Here is a reading on Elvis Presley along with its attendant vocabulary-building and comprehension worksheet. This has tended to be high-interest material for some students, so I have tagged it as such.
For other students, Elvis may be of no interest whatsoever. I’d just like to mention that he presents an interesting case study on cultural appropriation. Did you know “Hound Dog” (which has been recorded, according to the song’s Wikipedia page, “more than 250 times”) was originally a hit for Big Mama Thornton (which was answered, humorously, by Rufus Thomas in his song “Bear Cat“) and was a number one hit for her on the R&B charts? Of that the first song (and his first hit single) he ever recorded, at Sun Studio’s Memphis Recording Service, was “That’s All Right,” composed by Arthur “Big Boy” Crudup?
In other words, this is a good reading to open a discussion about how white artists, especially in the 1950s, helped themselves to the work of black artists and got rich doing it. This is so well documented at this point that if you search “white artists not paying royalties to black artists” you will find a trove of information about this practice. Even gigantic media company BMG admits Black artists were cheated out of fair contracts and royalty payments. I salute Wilco frontman Jeff Tweedy for calling for reparations to Black recording artists.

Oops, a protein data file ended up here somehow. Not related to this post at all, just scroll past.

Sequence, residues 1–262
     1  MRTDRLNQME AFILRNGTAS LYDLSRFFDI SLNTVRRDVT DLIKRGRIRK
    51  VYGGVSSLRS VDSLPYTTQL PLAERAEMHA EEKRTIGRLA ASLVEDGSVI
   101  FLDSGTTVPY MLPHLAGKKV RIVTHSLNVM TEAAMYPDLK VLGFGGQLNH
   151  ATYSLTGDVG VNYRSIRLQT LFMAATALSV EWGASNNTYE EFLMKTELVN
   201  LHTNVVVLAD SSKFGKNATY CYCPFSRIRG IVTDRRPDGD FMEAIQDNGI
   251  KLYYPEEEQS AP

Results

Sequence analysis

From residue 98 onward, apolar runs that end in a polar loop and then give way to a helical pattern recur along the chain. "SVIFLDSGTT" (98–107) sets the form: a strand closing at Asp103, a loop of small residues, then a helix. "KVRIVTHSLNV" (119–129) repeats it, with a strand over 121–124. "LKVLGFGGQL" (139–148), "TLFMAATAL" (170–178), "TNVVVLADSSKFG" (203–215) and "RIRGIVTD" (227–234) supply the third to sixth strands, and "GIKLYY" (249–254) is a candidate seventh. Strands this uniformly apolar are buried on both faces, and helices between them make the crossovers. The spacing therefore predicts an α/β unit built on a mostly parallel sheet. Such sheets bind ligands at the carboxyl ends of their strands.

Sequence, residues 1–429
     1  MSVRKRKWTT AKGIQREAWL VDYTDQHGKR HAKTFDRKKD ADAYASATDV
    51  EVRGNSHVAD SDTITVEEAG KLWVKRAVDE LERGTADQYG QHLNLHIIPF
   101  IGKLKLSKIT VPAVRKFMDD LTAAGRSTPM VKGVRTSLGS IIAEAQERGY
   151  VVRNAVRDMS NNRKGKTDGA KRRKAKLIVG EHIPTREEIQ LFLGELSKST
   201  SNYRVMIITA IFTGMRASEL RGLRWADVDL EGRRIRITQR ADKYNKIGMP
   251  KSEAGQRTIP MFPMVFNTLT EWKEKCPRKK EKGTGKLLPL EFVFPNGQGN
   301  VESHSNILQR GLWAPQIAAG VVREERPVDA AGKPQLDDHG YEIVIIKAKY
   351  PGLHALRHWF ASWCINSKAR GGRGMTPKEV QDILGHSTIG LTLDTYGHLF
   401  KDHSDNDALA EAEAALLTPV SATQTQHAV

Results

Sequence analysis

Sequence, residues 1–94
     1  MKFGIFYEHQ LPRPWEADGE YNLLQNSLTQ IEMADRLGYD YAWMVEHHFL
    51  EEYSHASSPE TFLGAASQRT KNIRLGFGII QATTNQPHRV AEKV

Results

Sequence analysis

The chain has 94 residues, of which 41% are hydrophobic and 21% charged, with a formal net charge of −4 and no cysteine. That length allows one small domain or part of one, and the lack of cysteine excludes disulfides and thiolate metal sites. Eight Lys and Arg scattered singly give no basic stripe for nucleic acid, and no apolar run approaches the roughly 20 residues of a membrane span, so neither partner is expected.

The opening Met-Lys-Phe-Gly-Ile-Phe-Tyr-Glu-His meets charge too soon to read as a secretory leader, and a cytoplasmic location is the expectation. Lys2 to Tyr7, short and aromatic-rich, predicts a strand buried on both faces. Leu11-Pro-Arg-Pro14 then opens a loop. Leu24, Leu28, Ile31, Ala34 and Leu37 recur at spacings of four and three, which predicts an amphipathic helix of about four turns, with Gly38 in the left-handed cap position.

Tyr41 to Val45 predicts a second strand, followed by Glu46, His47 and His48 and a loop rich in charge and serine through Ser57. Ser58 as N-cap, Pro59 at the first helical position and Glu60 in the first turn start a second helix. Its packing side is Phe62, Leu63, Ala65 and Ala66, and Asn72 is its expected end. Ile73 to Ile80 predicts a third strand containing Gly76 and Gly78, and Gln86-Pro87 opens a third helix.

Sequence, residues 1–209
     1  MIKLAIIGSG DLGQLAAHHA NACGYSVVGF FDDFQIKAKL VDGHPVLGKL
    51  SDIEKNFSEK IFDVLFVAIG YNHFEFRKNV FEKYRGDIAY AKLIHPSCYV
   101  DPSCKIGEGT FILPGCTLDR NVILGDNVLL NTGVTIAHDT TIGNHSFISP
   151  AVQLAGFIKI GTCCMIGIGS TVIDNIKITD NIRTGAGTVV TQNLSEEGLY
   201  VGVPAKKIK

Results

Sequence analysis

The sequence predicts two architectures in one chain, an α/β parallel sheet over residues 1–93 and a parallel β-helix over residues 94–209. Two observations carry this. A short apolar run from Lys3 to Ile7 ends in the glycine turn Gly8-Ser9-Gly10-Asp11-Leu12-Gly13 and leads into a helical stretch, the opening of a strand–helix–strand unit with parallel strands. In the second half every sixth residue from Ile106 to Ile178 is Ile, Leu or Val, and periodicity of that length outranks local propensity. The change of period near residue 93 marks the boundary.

There is a lot to chew on here. The essential question here is something like “What is cultural appropriation and what is outright theft? What is the difference?”
If you find typos in these documents, I would appreciate a notification. And, as always, if you find this material useful in your practice, I would be grateful to hear what you think of it. I seek your peer review.